I guess my blog gives me the freedom that when I’m not writing well, I simply abandon the post. In that sense, the quality of my writing that you see has some selection bias – if I’m not happy with how something is going, I simply abandon it. However, my writing elsewhere doesn’t have that luxury, and so I sometimes end up “delivering shit”.

I really don’t know what I can do to prevent this from happening on a consistent basis. Maybe I should just blog more. And try and be myself when I write elsewhere as well. Maybe I should just write like I write a blog and then edit it to take out any personal touches, rather than trying to write impersonally in the first place.

OK I know i’ve rambled here ūüėõ

Blogs and tweetstorms

The “tweetstorm” is a relatively new art form. It basically consists of a “thread” of tweets that serially connect to one another, which all put together are supposed to communicate one grand idea.

It is an art form that grew organically on twitter, almost as a protest against the medium’s 140 (now raised to 280) character limit. Nobody really knows who “invented” it. It had emerged by 2014, at least, as this Buzzfeed article cautions.

In the early days, you would tweetstorm by continuously replying to your own tweet, so the entire set of tweets could be seen by readers as a “thread”. Then in 2017, Twitter itself recognised that it was being taken over by tweetstorms, and added “native functionality” to create them.

In any case, as with someone from “an older generation” (I’m from the blogging generation, if I can describe myself so), I was always fascinated by this new art form that I’d never really managed to master. Once in a while, rather than writing here (which is my natural thing to do), I would try and write a tweet storm. Most times I didn’t succeed. Clearly, someone who is good at an older art form struggles to adapt to newer ones.

And then something clicked on Wednesday when I wrote my now famous tweetstorm on Bayes Theorem and covid-19 testing. I got nearly two thousand new followers, I got invited to a “debate” on The Republic news channel and my tweetstorm is circulated in apartment Telegram groups (though so far nobody has yet sent my my own tweetstorm).

In any case, I don’t like platforms where I’m not in charge of content (that’s a story for another day), and so thought I should document my thoughts here on my blog. And I did so last night. At over 1200 words, it’s twice as long as my average blogpost (it tired me so much that the initial version, which went on my RSS feed, had a massive typo in the last line!).

And while I was writing that, I realised that the tone in the blog post was very different from what I sounded like in my famous tweetstorm. In my post (at least by my own admission, though a couple of friends have agreed with me), I sound reasonable and measured. I pleasantly build up the argument and explain what I wanted to explain with a few links and some data. I’m careful about not taking political sides, and everything. It’s how good writing should be like.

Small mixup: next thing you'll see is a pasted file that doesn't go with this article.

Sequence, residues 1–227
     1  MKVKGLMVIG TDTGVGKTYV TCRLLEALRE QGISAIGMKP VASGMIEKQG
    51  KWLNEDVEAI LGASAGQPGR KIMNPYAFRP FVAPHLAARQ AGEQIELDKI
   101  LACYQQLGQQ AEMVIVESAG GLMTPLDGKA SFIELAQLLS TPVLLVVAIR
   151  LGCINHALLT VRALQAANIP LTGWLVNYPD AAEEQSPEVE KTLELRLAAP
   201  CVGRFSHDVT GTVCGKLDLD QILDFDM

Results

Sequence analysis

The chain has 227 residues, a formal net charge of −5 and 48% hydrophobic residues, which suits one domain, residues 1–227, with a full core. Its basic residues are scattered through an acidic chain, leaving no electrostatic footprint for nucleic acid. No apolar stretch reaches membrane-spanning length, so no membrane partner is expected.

Now go read my tweetstorm:

Notice that right from the beginning I’m snide. I’m bossy. I come across as combative. And I inadvertently take sides here and there. Overall, it’s bad writing. Writing that I’m not particularly proud of, though it gave me some “rewards”.

I think that’s inherent to the art form. While you can use as many tweets as you like, you have a 280 character limit in each. Which means that each time you’re trying to build up an argument, you find yourself running out of characters, and you attempt to “finish your argument quickly”. That means that each individual tweet can come across as too curt or “to the point”. And ¬†when you take a whole collection of curt statements, it’s easy to come across as rude.

That is possibly true of most tweetstorms. However good your intention is when you sit down to write them, the form means that you will end up coming across as rude and highly opinionated. Nowadays, people seem to love that (maybe they’ve loved it all the time, and now there is an art form that provides this in plenty), and so tweetstorms can get “picked up” and amplified and you become popular. However, try reading it when you’re yourself in a pleasant and measured state, and you find that most tweetstorms are unreadable, and constitute bad writing.

Maybe I’m writing this blogpost because I’m loyal to my “native art form”. Maybe my experience with this artform means that I write better blogs than tweetstorms. Or maybe it’s simply all in my head. Or that blogs are “safe spaces” nowadays – it takes effort for people to leave comments on blogs (compared to replying to a tweet with abuse).

I’ll leave you with this superb old article from The Verge on “how to tweetstorm“.

Footage

So after a fifteen year gap, I was in the Times of India yesterday, writing about the joys of working from home (I’d shared the clipping yesterday, sharing it again). The interesting thing is that this piece got me the kind of attention that I very rarely got with my six ¬†years with the HT Media family (Mint and Hindustan Times).

The main reason, I guess, that this got far more footage, was that it came in a newspaper with a really high circulation. ToI is by far the number one English newspaper in India. While HT may be number two, we don’t even know how much of a number two it is, since it seemingly didn’t participate in the last Indian Readership Survey.